'Misses the duck as well.'
'Misses her just high. At which and then the third statistician commences to whooping and jumping up and down to beat the band, hollering "We got him, boys, we done got him!'"

Taken from Infinite Jest, p. 867.


RBOC: Breakfast-for-Dinner Edition

At the end of week 4, the dissertation steadily marches on -- like an ancient sea turtle that returns to nest, my dissertation mojo has returned. I get a solid 2.5 hours in every morning -- consistent, quality work that hasn't occurred for quite a while. The afternoons, well, they're another story...

Seeing as the intellectual parts of my brain today are pretty much exhausted, I am reduced to providing to you -- oh gentle reader, you -- Random Bits of Crap with which to subside until you (inevitably) stumble upon some other mind-altering, yet utterly useless, website.
  • My reptilian brain won yet once again today, in what looks like quite a lopsided battle between it and whatever else the other part of my brain looks like, as I bought sandwiches for a lunch date w/TW. As I stood there, waiting for my steak & cheese to get panini'ed, I was rendered inert -- staring at the baseball-sized arancinis sitting by the checkout register...delicious!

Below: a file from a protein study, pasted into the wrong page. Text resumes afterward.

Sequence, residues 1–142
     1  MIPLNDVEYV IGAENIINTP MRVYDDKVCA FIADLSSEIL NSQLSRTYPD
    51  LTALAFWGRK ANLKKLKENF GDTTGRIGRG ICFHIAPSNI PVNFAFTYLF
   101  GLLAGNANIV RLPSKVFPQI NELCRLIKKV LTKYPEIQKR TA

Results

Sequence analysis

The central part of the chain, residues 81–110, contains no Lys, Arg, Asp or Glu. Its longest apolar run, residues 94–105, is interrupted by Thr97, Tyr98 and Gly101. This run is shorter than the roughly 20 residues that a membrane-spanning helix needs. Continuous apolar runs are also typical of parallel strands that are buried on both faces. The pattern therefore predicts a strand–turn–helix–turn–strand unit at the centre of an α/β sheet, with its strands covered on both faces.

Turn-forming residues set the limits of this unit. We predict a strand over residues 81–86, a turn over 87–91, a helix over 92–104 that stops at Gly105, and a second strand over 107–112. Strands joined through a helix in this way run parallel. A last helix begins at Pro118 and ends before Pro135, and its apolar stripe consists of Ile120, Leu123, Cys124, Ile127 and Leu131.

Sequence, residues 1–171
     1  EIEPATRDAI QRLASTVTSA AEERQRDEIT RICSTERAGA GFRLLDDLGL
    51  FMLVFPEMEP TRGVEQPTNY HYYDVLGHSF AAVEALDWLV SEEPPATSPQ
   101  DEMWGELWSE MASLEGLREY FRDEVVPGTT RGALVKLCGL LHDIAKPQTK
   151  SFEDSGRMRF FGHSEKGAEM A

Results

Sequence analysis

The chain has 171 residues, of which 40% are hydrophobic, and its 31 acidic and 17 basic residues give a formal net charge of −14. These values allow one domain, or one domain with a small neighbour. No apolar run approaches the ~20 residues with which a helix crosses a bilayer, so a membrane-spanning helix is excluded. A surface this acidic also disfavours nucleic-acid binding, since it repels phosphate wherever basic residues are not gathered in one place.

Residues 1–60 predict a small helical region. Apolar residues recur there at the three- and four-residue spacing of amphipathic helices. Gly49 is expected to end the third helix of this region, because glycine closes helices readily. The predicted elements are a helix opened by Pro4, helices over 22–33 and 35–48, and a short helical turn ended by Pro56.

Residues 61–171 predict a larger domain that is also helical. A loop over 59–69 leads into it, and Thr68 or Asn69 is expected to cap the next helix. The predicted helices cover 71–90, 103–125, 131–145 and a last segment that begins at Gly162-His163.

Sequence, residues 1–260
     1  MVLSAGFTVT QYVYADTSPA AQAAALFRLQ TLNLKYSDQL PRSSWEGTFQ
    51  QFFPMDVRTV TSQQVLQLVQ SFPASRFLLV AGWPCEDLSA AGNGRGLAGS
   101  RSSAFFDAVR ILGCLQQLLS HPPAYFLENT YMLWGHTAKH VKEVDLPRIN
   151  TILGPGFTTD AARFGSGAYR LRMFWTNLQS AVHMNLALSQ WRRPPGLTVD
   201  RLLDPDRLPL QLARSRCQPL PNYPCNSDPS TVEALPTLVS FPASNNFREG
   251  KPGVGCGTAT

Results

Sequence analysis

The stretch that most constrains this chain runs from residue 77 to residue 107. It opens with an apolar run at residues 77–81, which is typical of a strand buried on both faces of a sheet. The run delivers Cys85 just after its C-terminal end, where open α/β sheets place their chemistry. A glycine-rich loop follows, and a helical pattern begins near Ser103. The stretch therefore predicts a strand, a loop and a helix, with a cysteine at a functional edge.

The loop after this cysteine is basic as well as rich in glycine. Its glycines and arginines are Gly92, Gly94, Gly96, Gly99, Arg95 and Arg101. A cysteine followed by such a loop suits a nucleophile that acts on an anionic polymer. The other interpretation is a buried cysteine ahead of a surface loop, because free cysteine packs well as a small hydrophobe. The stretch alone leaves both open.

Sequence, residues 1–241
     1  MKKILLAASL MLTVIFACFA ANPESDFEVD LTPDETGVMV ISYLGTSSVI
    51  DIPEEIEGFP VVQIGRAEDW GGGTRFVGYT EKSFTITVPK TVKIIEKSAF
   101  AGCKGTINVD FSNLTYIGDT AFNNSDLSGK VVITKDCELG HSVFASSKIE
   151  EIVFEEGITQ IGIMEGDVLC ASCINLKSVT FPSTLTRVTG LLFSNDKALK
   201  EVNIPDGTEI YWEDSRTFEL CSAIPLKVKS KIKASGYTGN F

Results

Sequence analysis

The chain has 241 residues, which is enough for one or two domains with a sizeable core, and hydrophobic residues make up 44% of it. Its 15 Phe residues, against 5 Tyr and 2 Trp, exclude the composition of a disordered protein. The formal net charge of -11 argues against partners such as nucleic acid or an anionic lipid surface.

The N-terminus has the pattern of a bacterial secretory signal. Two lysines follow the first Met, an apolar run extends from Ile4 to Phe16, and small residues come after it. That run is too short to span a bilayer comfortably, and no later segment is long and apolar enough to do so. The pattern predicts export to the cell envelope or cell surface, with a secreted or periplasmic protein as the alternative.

• Did you watch "Fringe" last night? This delightfully kooky, 'did-they-just-do-that?' kind of show premiered their 2nd season last night, and they didn't miss a beat.* Survivor also premiered a new season (their 19th) last night, w/a record-high 20 people starting. Favorite lines included, "Everybody knows black men can't swim," which of course had to be followed by Jaison -- the Yale alum and water-polo team member -- torching his competitor in the swimming leg.